Every profession deserves its own trophies, even tax auditors. 
Every profession deserves its own trophies, even tax auditors

Speaking of the Academy, we’re largely awards-agnostic at Letterboxd (apart from our own upcoming Year in Review, naturally), which means we will talk about the BAFTAs in the same breath as the Oscars, and take note of the various guild awards, critics’ choices and other topical trophy moments. But also: we’ll double down on being excited for the independent and international films that land Academy Awards noms—after all, my love affair with the Oscars began with Karen O’s performance of ‘The Moon Song’ at the 86th awards ceremony in 2014—her nominated song for Spike Jonze’s $23 million dollar Her—which was never going to beat ‘Let it Go’, but that didn’t matter. It was still a win for the alt-rock girlies like myself.

It’s easy and comforting as a cinephile to pretend that awards don’t matter at all, but they unequivocally do. These laurels majorly affect what types of studio movies get made next, and they can spark a box office boost for films with the one-inch subtitle “barrier”. They have an impact on who is handed opportunities, and also, the recipients’ lives. So with Best in Show we are carving our own Letterboxd-shaped space out of this simultaneously archaic and modern structure, thereby reclaiming awards season as a means of championing and uplifting the films and filmmakers we love—whether they win or not.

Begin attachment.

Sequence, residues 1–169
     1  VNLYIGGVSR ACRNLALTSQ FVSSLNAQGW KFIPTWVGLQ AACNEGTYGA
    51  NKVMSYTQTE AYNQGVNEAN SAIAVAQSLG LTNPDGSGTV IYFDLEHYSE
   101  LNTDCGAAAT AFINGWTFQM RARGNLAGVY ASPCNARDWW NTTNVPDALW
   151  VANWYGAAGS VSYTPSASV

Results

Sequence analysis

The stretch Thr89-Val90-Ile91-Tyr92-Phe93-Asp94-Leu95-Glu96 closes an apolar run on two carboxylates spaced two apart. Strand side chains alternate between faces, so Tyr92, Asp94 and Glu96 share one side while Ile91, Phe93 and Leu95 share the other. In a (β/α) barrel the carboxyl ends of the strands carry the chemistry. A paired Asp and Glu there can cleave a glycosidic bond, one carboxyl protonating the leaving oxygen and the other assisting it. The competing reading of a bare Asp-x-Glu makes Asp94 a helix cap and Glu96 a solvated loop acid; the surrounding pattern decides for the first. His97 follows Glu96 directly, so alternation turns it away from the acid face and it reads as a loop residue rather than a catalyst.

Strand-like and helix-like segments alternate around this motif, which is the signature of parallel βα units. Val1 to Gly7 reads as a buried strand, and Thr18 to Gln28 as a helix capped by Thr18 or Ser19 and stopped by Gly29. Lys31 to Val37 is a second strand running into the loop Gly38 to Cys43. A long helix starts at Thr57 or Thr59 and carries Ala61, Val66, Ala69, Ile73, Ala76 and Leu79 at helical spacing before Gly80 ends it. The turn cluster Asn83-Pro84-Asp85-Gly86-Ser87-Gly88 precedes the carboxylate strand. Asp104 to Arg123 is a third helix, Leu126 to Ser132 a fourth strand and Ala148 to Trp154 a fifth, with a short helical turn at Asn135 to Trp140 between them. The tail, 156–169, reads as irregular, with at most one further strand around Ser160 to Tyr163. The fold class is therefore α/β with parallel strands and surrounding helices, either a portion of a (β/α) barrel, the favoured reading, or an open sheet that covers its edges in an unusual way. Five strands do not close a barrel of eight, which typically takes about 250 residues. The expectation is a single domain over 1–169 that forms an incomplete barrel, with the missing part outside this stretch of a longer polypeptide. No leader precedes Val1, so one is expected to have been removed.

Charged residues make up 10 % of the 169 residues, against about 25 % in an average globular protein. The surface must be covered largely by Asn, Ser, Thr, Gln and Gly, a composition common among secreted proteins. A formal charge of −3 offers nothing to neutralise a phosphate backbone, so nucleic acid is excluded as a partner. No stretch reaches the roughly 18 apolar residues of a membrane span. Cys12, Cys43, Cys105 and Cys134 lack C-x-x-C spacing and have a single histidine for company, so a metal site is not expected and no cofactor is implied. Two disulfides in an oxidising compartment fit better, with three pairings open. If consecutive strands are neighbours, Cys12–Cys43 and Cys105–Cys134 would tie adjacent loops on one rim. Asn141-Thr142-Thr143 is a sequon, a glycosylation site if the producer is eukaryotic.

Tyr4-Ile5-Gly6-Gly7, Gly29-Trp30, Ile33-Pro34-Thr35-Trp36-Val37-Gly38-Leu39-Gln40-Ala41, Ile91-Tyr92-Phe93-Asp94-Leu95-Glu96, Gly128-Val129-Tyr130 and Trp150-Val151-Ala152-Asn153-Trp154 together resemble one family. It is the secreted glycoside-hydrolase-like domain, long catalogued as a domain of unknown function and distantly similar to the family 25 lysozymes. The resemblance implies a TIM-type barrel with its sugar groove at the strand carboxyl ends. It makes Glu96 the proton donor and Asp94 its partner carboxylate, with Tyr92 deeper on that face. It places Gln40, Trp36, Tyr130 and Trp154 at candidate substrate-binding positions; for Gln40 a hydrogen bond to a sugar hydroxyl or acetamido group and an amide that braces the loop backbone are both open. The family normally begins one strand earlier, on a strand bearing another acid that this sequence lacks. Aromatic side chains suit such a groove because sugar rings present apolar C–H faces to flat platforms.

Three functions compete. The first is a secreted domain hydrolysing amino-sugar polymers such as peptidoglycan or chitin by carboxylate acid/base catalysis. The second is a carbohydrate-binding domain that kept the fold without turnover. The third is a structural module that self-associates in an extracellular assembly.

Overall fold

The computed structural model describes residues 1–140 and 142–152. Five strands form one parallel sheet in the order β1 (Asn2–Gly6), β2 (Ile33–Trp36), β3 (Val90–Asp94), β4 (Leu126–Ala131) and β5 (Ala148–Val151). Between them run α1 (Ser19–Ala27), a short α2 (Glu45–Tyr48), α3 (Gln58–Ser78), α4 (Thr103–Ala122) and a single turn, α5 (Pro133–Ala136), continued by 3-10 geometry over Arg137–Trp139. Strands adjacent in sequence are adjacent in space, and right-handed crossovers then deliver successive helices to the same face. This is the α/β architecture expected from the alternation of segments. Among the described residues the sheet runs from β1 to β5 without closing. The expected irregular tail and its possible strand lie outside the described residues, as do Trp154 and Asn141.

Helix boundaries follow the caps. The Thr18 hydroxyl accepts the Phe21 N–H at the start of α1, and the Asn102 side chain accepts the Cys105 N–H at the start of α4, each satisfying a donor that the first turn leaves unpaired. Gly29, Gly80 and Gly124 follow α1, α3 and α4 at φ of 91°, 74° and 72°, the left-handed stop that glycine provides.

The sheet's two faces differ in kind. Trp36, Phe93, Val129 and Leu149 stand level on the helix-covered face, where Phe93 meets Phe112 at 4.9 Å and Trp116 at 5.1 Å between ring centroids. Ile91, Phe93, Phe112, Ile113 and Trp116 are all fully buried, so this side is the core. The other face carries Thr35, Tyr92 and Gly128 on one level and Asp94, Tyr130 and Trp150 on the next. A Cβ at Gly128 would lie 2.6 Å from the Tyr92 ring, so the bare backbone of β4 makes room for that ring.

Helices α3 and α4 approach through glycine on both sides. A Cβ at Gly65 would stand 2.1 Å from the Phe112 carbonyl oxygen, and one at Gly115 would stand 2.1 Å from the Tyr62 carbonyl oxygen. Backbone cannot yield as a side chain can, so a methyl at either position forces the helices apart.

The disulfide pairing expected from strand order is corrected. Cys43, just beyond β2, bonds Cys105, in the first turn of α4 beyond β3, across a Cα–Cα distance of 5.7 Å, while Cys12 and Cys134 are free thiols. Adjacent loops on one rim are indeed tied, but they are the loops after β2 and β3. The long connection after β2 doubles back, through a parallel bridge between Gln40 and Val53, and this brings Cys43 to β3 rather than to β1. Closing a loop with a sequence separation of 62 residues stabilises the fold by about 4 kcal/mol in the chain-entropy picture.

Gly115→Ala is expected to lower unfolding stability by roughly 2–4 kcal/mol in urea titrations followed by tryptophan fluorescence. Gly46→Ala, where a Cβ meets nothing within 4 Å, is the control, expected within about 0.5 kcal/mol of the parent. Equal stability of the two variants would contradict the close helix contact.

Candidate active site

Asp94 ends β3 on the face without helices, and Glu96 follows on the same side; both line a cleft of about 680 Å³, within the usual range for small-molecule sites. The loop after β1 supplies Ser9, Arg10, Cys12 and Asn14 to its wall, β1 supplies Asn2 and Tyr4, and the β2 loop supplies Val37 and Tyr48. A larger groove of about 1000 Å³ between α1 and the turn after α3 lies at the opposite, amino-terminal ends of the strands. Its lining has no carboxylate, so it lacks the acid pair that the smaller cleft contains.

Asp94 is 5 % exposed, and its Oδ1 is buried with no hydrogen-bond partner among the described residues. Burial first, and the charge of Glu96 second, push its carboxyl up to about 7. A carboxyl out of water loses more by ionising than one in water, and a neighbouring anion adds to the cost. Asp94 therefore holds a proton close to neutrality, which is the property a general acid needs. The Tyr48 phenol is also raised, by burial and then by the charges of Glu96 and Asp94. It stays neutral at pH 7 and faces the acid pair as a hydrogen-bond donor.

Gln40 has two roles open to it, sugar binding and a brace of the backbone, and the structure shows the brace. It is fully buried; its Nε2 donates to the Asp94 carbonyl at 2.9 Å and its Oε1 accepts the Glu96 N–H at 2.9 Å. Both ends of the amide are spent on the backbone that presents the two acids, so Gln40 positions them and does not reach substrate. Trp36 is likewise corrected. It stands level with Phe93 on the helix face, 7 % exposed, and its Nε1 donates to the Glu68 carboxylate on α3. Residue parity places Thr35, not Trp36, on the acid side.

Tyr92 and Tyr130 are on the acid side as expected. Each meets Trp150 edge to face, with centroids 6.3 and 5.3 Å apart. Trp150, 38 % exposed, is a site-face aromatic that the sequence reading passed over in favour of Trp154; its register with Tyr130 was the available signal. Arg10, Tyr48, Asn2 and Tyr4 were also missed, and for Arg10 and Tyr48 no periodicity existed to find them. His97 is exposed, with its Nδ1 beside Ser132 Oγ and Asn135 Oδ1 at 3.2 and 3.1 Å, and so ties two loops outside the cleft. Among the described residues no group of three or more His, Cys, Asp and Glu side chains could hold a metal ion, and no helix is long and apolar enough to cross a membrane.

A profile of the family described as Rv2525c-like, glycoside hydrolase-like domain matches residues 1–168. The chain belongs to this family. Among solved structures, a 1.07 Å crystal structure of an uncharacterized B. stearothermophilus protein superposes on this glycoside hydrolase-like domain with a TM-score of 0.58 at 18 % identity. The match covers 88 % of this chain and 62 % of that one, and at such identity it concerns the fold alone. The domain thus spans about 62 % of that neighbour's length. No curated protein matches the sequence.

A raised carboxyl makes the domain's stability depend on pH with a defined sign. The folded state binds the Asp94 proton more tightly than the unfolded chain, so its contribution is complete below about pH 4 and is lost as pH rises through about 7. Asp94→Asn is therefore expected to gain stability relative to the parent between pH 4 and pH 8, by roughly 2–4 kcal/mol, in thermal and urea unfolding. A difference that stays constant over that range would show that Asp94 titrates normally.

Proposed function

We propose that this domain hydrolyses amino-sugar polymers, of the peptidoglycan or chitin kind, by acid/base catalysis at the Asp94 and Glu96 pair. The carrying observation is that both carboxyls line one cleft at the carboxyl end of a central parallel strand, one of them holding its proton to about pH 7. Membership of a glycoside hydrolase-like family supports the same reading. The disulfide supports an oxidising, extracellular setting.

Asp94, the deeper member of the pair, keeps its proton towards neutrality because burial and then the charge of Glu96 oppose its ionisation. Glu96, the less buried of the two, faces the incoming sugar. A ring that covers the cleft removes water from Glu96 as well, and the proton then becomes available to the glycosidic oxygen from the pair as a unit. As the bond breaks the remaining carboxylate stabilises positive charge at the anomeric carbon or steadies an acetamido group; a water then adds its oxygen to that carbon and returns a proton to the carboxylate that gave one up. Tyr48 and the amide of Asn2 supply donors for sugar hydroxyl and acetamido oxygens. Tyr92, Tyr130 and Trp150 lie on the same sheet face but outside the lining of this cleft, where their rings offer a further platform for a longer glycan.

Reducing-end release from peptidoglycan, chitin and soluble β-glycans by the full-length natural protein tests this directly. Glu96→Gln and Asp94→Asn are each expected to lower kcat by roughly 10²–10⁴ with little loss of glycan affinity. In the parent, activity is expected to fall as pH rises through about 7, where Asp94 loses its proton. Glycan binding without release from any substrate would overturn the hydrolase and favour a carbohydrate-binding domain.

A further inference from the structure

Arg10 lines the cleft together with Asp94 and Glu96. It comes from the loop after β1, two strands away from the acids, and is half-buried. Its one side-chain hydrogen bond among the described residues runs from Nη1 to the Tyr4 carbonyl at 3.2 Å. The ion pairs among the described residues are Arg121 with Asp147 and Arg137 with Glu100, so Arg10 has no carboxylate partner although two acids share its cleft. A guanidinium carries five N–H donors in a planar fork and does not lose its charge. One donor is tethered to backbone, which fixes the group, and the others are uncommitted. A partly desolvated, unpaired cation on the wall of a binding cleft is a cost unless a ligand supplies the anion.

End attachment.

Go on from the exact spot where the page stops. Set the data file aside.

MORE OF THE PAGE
Anyway, the 95th Academy Awards shortlists just dropped, and After Yang is nowhere in sight, so awards no longer matter. KIDDING!!!

Blonde lead hair designer Jaime Leigh McIntosh, one of many craftspeople to make the Oscars shortlist, with actress Ana de Armas. More on Jaime Leigh’s wigwork here.